I first heard about alliancing contracting way back around 2004 as it was gaining attention then as a new and improved contracting model, back then, allocating risk and responsibility to the party to the contract that was most suited and able to bear that risk, among other things.
Alliancing contracting is largely for the building and construction areas but arguably with application to other projects more generally for its fundamental principles.
The ideas underpinning alliance contracting including mutual acceptance and sharing of project risks, project issues, project completion and project records and resources was fairly new and forward thinking back in 2004 when I first really took alliancing contracting on board for genuine consideration as a contracting model.
Fast forward to 2018 and it would appear that these forward thinking ideas of alliancing contracting are indeed back in fashion and up for genuine consideration once again.
So what is alliancing contracting and how is it fundamentally different to more traditional contract forms?
Using a risk allocation process to properly allocate risks between the parties, explore likely risks and test them against the contract (and with the other party) and really think about “worst case scenario” and deal with it have all been fundamental steps in contract preparation.
Because the above steps are critical for any well prepared contract, it is always essential that parties understand each other’s needs, appetite for risk and skill set.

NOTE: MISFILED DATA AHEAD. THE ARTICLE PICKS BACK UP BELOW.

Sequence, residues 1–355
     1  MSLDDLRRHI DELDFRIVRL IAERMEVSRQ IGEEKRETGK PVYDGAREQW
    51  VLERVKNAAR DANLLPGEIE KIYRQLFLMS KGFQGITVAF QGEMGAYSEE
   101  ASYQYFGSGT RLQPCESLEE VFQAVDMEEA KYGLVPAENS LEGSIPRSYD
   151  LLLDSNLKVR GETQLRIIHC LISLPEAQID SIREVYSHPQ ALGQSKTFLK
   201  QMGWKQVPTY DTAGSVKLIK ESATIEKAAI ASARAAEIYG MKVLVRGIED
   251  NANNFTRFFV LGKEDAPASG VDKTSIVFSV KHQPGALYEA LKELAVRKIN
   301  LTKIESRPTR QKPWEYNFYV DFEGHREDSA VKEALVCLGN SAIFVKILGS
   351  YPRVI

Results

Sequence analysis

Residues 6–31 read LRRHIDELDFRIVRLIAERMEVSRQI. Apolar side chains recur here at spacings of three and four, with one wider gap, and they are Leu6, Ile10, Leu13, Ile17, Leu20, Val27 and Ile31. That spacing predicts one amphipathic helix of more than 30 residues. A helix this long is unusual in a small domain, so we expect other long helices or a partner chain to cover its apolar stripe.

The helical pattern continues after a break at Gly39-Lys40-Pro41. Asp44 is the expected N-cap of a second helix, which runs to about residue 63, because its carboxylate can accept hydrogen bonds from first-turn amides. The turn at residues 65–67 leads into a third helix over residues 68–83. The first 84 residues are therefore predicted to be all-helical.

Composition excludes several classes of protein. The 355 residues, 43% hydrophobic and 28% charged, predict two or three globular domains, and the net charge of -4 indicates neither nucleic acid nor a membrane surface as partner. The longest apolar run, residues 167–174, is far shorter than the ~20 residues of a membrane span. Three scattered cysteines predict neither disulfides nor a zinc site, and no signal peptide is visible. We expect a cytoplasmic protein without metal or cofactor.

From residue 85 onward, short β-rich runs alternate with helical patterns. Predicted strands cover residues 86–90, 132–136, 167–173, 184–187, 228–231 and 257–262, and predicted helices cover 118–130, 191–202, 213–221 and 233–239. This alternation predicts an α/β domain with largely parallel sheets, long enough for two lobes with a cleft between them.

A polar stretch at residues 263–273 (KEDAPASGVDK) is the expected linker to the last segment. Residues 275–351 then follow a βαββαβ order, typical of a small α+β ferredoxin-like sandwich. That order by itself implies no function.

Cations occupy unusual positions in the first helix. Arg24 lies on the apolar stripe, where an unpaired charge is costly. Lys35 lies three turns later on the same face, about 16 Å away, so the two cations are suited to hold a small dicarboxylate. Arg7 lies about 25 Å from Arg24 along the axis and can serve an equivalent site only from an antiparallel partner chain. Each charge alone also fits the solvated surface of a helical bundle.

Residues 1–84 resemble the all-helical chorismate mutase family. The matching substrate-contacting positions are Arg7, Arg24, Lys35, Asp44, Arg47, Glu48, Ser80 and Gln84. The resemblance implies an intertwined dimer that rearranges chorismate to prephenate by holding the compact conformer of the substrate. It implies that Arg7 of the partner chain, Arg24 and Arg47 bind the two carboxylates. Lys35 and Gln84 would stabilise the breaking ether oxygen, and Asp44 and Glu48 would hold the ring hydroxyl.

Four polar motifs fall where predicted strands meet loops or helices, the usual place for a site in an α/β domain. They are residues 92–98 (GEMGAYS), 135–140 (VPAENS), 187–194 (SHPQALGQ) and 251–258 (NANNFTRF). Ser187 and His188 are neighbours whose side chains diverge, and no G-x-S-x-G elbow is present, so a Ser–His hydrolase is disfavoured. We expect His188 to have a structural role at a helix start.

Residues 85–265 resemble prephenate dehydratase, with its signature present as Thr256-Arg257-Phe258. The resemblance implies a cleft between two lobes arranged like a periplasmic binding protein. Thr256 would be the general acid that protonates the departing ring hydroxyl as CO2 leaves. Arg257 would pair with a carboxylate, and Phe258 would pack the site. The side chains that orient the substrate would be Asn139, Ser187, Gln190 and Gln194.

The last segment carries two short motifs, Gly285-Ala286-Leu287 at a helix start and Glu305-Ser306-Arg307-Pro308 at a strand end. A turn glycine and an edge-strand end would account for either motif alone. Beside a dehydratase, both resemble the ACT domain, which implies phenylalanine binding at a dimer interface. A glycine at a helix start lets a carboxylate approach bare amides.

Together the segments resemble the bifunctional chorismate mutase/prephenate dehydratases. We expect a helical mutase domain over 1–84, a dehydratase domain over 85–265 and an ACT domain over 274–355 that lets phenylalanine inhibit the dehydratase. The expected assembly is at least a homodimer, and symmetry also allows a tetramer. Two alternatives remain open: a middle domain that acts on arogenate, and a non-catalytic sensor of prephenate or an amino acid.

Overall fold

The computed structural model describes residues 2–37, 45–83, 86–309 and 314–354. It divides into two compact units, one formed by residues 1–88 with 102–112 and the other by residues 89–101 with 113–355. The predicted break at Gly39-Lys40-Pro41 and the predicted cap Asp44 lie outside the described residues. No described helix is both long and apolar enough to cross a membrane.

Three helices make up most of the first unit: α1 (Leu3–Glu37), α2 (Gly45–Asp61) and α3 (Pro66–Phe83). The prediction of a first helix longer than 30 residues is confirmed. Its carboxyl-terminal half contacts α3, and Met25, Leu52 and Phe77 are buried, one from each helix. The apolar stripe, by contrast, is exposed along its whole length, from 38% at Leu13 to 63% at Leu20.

The alliancing method still encompasses these fundamentals to a degree and rightly so. However, the key difference is that explored risks are typically allocated to all parties. “Worst case scenarios” are explored but allocated to all parties with shared responsibility. The alliancing contract generally provides for mutual risk sharing, pain shared equally, gains shared equally.
The underlying principle under all this sharing is that parties must act in good faith and in line with the also entrenched principle that there are no disputes under the alliancing framework. Problems are solved together, often with “outside the box” thinking. The parties are committed to making things work, once again based on the key principle of shared risk, responsibility, shared pain, shared gain.
There is a further key principle that during the project phase, there is no fault on either party and therefore no single party that has caused any particular liability. For any issues that arise during the actual project, the parties work towards mutually dealing with those issues and reallocating risk and responsibility for those issues based on consensus, agreed decision making.
Parties to the alliancing framework are transparent and open. Record keeping is fundamental for both parties as is mutual access to those records.
Defect responsibility is shared. Defect rectification in terms of time and cost is shared between the parties. Parties mutually share control of the project, again agreeing on all project aspects.
The National Alliancing Contracting Guidelines template provides a useful framework for an alliance and sample agreement. It clearly requires all parties are committed to the project, committing people and resources, engaging within the alliance, working through the project, issues, actual and potential disputes, project changes and responsibilities as a shared group comprising different parties.
It will be interesting to see how existing Government projects using alliancing contracting stack up long term. It will also be interesting to reflect back on alliancing contracting and see how alliancing can apply best to the private sector.
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